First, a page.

I may be in danger of losing my identity as a city girl. Last week David and I drove into the city, and I didn’t like it very much – at least the city part of it.
In February, the winter weather prevented some of our friends from the Dallas area from coming to Emory for my first book signing. Two absentees were Peggy and James, the former neighbors and motorcycle buddies who play several pivotal roles in my book. Even though we hadn’t seen each other since 2007 when we came through the Metroplex in our RV, Peggy and I have kept in touch by email and Facebook. Disappointed by the lost opportunity to reconnect at the signing, we devised another plan – she invited me to speak at an upcoming Sunday school dinner. As the time drew closer, James suggested that we spend the night so we could have more time to catch up.
Last Monday, we left Emory shortly after lunch to drive the ninety miles to Carrollton for the planned event and visit. David decided to avoid the major highways and stick to the back roads like Highways 380 and 121. Imagine how shocked we were at the changes the years had brought – the commercial and residential buildings where there had been open fields; the major intersections and traffic lights instead of long uninterrupted straight-aways; and the traffic.
Our neighborhood was always a quiet island in the middle of a sea of commerce, but the growing maze of fast-food eateries, gas stations, and stores that now encircled it was overwhelming. Still, the residential streets were quite, shielded from the surrounding chaos by hedges and brick walls. I hadn’t realized how tense I was until I began to relax as we drove down the familiar streets. I felt a tug of homesickness as we passed our old home, but it eased when James welcomed us into their home next door.
We arrived mid-afternoon, so we had several hours to visit before we had to leave for dinner. The class was meeting at Anamia’s, a Tex-Mex restaurant in Plano – a thirty-minute ride back through the traffic. Thankfully, James was driving, so we could enjoy the conversation that continued non-stop.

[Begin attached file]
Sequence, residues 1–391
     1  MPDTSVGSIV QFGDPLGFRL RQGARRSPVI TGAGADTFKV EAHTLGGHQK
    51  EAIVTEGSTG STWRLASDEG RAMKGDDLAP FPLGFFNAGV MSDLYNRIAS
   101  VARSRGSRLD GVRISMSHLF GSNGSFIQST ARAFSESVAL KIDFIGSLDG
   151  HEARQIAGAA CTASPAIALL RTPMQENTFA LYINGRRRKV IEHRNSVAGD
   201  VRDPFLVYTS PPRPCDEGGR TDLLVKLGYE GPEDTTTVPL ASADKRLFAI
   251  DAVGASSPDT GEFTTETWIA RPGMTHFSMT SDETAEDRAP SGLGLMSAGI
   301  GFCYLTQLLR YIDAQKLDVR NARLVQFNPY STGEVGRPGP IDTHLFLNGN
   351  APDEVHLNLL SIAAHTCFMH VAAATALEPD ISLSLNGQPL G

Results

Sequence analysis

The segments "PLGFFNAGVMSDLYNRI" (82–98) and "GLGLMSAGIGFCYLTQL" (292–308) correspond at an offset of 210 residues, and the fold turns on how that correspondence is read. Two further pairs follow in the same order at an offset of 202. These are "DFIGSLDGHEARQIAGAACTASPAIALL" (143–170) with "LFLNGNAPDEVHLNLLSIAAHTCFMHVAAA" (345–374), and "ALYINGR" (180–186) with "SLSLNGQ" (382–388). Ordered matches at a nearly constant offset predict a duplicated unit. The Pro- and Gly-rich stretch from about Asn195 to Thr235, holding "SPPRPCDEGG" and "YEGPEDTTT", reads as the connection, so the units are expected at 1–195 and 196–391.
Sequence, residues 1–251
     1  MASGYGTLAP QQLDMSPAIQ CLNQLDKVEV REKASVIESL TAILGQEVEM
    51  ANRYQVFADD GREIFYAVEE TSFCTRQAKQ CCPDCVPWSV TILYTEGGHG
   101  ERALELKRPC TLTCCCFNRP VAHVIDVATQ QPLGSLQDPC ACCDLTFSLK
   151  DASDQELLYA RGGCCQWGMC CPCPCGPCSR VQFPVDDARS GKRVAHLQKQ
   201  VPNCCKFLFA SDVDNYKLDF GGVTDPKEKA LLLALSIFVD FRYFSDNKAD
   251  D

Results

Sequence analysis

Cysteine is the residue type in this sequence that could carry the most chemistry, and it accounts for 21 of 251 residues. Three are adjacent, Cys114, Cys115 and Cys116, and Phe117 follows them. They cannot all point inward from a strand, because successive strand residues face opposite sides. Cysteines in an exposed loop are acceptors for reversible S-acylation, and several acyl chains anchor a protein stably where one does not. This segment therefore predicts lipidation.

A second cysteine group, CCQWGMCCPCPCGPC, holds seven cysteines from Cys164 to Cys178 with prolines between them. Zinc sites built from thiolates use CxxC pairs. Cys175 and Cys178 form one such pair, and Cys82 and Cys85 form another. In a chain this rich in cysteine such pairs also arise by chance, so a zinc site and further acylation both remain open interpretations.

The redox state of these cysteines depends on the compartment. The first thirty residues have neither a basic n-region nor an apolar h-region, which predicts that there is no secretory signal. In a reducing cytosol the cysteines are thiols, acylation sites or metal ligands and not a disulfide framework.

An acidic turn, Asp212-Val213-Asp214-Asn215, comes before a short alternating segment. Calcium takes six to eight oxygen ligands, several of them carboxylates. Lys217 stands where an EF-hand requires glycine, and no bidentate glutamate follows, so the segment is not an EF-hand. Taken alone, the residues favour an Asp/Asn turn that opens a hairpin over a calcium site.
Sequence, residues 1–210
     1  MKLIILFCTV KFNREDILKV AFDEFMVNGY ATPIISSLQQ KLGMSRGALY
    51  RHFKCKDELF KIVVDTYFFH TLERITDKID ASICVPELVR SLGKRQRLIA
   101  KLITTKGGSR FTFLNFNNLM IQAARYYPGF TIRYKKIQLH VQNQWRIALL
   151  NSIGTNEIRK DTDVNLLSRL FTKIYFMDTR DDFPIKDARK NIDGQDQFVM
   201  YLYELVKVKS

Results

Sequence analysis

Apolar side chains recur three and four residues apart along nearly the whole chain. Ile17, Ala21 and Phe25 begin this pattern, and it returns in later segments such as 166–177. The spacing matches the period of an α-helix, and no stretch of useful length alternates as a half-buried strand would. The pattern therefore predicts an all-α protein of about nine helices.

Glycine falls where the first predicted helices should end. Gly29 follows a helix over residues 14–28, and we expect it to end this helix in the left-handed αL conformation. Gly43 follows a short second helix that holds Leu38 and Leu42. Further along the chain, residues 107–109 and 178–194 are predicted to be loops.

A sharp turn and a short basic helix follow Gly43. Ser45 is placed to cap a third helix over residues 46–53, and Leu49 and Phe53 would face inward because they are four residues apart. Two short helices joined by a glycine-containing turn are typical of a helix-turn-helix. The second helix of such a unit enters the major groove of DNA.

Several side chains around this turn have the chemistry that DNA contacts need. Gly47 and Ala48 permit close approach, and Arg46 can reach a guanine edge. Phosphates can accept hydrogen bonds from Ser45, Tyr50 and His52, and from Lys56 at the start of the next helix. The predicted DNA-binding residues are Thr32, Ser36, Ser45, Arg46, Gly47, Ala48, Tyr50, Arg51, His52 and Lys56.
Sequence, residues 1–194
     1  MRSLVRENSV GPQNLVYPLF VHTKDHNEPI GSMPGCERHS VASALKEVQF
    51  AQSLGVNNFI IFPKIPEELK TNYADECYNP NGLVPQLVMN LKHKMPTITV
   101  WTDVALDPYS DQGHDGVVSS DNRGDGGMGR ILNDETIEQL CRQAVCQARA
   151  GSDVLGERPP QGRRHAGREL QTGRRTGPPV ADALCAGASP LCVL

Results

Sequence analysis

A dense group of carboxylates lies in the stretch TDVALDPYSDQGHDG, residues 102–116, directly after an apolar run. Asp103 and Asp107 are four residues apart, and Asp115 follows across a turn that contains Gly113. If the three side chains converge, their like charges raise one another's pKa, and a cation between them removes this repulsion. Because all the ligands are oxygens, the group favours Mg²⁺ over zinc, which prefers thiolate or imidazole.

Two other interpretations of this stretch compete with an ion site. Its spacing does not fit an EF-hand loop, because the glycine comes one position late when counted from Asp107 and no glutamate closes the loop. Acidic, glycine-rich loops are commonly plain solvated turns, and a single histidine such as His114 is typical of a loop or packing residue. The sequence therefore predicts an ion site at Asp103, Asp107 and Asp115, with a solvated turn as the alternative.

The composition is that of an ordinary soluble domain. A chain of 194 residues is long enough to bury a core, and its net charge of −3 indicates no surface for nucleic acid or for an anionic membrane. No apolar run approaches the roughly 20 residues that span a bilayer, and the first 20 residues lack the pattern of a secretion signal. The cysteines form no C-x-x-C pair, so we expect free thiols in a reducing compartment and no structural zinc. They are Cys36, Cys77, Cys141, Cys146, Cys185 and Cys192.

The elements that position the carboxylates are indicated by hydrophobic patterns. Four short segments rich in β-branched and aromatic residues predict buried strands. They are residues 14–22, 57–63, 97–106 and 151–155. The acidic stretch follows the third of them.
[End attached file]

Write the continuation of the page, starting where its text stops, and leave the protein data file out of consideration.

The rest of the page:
Dinner was delicious, and my presentation went well. In addition to reading a section from my book, I talked about keeping your marriage strong while caregiving. I could tell by the reactions of my small audience that I was talking about an issue that touched many of their lives. I sold a few books, but more importantly, I think my experiences encouraged some of the people who were going through similar circumstances.
When we got back to our home for the night, the four of us talked until midnight, sharing what had happened while we had been separated by hundreds of miles and several states. The visit continued the next morning, but after lunch, it was time for David and me to leave the city. He negotiated the traffic with a little less surprise but no less tension than the day before, and we were glad when we were able to slip back into the slower pace of Rains County. When we arrived home, I unpacked my overnight bag and headed for the kitchen where I enjoyed the view that included lots of trees and a few energetic squirrels.
After we ate, the darkness that comes when there are no big city lights around was still a couple of hours away, so I went out to the garden for a while. I spent some time pulling weeds, adjusting support stakes to accommodate new growth, and otherwise tending to plants that not too long ago were a mystery to me. While I puttered, I mulled over the changes that have occurred in my life in the last few years. I realized that, instead of being a total city girl, I now feel more at home when I have a little bit of dirt under my fingernails.
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